The Rejection of Pascal's Wager
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The Spanish Inquisition

The Spanish Inquisition was an independent state tribunal modelled after the medieval institution. It was formally announced by Pope Sixtus IV (1414-1484) in a papal bull in 1478. This inquisition was controlled by King Ferdinand (1452-1516) and Queen Isabella (1451-1504). The original intention of the Spanish inquisition was to hunt out relapsed converts from Islam and Judaism. To carry out the task, Ferdinand and Isabella appointed a Dominican monk, Tomas de Torquemada (c1420-1498) as the Inquisitor General. [1]

With Torquemada appointed, the Spanish Inquisition began to operate in 1480. To this monk, an act of faith (auto de fe) was the public burning of heretics and their books. In the first few years of this inquisition and in Castile alone, around two thousand people were burned at public autos de fe. Within twelve years, at least thirteen thousand people had been executed by the Inquisition. The total number of people who died at the stake over five centuries- the Spanish Inquisition was only suppressed in 1834- was difficult the say with certainty. The historian Llorente, who had free access to the archives of the Spanish Inquisition said that in Spain alone more than thirty one thousand people died at the stake and another two hundred and ninety thousand condemned to other forms of punishments. [2]

The methods of the Spanish Inquisition, like all forms of Christian religious trials, were the negation of every principle of justice known to man. The inquisition, like the pope, acquired an aura of infallibility. Anyone accused must somehow be guilty and the method of trial reflected that belief. Anonymous accusations, even by idiots and criminals, were allowed. False informers were never punished. The accused is, for all purposes, condemned before the trial began. [3] All this coupled with the fact that the accused were normally tortured until they confessed, means that it was very seldom that anyone could escape the inquisition unscathed. [4] No age group was spared the horrors of the Spanish Inquisition. Records showed that women as old as ninety and girls as young as thirteen were either tortured or burnt. [5]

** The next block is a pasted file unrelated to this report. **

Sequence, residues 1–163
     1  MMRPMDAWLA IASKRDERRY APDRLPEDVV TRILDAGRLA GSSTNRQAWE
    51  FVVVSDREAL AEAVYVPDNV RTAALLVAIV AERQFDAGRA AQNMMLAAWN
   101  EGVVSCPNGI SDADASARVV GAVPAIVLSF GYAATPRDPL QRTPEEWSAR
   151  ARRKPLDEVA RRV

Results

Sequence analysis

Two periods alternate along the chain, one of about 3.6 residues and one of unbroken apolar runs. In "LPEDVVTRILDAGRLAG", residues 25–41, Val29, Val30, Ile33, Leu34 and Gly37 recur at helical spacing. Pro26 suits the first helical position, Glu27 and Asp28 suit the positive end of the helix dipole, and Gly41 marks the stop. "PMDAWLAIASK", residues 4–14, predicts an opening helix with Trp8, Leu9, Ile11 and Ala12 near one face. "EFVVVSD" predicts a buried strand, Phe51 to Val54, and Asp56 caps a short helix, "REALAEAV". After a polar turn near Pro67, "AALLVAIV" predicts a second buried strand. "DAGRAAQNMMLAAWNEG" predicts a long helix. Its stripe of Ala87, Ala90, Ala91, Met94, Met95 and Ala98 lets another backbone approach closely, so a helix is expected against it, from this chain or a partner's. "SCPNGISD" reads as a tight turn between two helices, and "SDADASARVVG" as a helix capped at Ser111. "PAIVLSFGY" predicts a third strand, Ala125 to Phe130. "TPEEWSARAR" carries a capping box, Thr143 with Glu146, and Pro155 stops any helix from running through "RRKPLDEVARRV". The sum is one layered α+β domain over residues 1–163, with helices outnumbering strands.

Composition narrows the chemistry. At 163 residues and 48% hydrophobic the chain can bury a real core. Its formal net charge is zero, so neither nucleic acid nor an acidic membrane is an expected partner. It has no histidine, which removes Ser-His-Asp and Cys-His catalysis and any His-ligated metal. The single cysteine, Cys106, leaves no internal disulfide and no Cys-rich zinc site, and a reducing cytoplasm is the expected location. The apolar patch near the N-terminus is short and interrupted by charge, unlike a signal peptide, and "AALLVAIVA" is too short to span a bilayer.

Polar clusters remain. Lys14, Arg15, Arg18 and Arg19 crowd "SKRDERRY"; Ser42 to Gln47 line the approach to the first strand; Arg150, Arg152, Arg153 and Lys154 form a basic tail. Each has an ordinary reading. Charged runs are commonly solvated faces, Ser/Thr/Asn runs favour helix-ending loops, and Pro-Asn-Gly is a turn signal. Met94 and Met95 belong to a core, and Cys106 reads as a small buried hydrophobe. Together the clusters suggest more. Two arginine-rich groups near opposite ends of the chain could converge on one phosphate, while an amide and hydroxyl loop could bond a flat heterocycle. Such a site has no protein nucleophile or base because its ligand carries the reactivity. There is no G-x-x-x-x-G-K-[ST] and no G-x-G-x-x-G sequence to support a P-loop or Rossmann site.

Torquemada's hatred of relapsed Jews was exceeded only by his hostility to the unconverted ones. He badly wanted to expel all Jews from Spain. The Jews, however, not being Christians were outside the jurisdiction of the inquisition. So he used his power of persuasion to convince Queen Isabella to banish them. A traditional tale on this was that the Jews offered thirty thousand ducats to the Queen to let them remain in Spain. When Torquemada found out about this, he confronted the Queen with a crucifix and exclaimed: "Judas sold his God for thirty pieces of silver - you are about to sell him for thirty thousand!" Whatever the case may be as to the historical authenticity of this tradition, the fact was that in 1492 Jews were finally forced to leave Spain. They were given the choice of converting to Christianity or to leave the country within three months. About one hundred and fifty thousand Jews chose exile. Many of them died on the voyage out of Spain; thousands were captured by pirates and sold to slavery; thousands more died of starvation, disease and drowning. [6]

It should never be forgotten that the target of the inquisition as much to destroy books and new ideas as it was to burn heretics. In Salamanca, for example, near the end of the fifteenth century, more than sixteen thousand books were burned in a single auto de fe. The Spanish Inquisition also had its own Index of Prohibited Books. It was first published in 1551 and continuously updated to keep up with the growth in writings branded heretical. Apart from the appalling loss of innocent lives, the other main effect of the inquisition was to stripped the country of any intellectual diversity. As one contemporary Spanish in exile put it: "Our country is a land of ... barbarism; down there one cannot produce any culture without being suspected of heresy, error and Judaism. Thus silence was imposed on the learned." For the next few centuries, while the rest of Europe was slowly awakened by the influence the Enlightenment, Spain was to remain stagnant. [7]

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1.Benet, Readers Encyclopedia: p482
Summerscale, Penguin Encyclopedia: p311
2.Knight, Honest to Man: p86
Robertson, History of Christianity: p176
3.Ibid: p176
4.Armstrong, Holy War: p459
5.Johnson, History of Christianity: p308
6.Knight, Honest to Man: p88-89
7.Johnson, History of Christianity: p307
Robertson, History of Christianity: p17672 Knight, Humanist Anthology: p113-114

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